It is estimated that the procurement and construction of the six new power stations envisaged will cost between R400-billion and R1-trillion. …..

the very high capital costs of nuclear procurement is a concern for policymakers. The national planning commission has called for the nuclear programme to be reviewed to ensure its financial feasibility……

key to the success of a nuclear programme, particularly one that ensured successful localisation, was the issue of affordability. The minister of finance would not sign off on something that the country’s balance sheet could not sustain,..

March 2, 2013 Posted by | politics, South Africa | Leave a comment

NASA scientists find third radiation belt around Earth

Third radiation belt discovered around Earth, Telegraph UK,
 A previously unknown belt of radiation surrounded Earth for several
weeks last year, Nasa scientists have discovered. By Nick Collins,
Science Correspondent
 01 Mar 2013 “……Nicky Fox, Van Allen Probes deputy project
scientist at the Johns Hopkins University, said: “We thought we knew
the radiation belts, but we don’t. The advances in technology and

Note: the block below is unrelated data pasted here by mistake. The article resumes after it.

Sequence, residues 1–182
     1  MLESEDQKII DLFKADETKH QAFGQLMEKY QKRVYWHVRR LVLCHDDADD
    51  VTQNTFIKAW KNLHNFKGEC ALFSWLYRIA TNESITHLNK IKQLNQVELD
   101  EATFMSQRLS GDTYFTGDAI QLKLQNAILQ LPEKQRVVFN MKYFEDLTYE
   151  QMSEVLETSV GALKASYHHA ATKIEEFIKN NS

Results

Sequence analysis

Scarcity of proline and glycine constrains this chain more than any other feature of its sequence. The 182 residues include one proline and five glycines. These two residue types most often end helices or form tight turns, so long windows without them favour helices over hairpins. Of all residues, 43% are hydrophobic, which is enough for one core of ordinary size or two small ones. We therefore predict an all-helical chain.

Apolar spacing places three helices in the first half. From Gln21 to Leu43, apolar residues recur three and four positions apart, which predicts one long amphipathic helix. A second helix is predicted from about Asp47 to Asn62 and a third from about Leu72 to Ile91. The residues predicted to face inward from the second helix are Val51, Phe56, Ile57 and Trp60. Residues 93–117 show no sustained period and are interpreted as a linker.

detection made by NASA in this mission already have had an almost
immediate impact on basic science.”

March 2, 2013 Posted by | 2 WORLD, radiation | Leave a comment

Radiation in space mucking up Curiosity Mars rover’s technology

Space radiation possible cause of Mars rover glitch By  WILLIAM
HARWOOD /  CBS NEWS/ March 1, 2013,    Space radiation may be to blame
for corrupted memory used by the Curiosity Mars rover’s flight
computer, resulting in software glitches that interrupted the flow of
science data Wednesday and prompted ground controllers to switch over
to a redundant computer Thursday, NASA officials

March 2, 2013 Posted by | 2 WORLD, radiation | Leave a comment

50 Soviet Union atomic bombs missing

read-this-wayLawyer’s second book chronicles missing nuclear bombs Seacoastonline, By Elizabeth Dinan March 01, 2013  PORTSMOUTH — After the collapse of the former Soviet Union, Portsmouth attorney Bob Shaines was living in the post-communist country as a U. S. Defense Department consultant when he learned that 50 Russian, 10-kiloton, suitcase-sized, plutonium bombs were unaccounted for.

“The bombs, he said, “were small enough to be transported by diplomatic pouch and designed to give the Soviets a potential retaliatory weapon in the event of a nuclear war by placing them at various sites in Western cities.”

The missing bombs, and efforts by a global task force to find them, lays the foundation for Shaines’ new book, “Secrets In A Time of Peace.” He calls the book a memoir, but says it’s fiction, though based on actual events, real people, and personal experiences from his time living in Russia between 1991 and 1996……

March 2, 2013 Posted by | resources - print | Leave a comment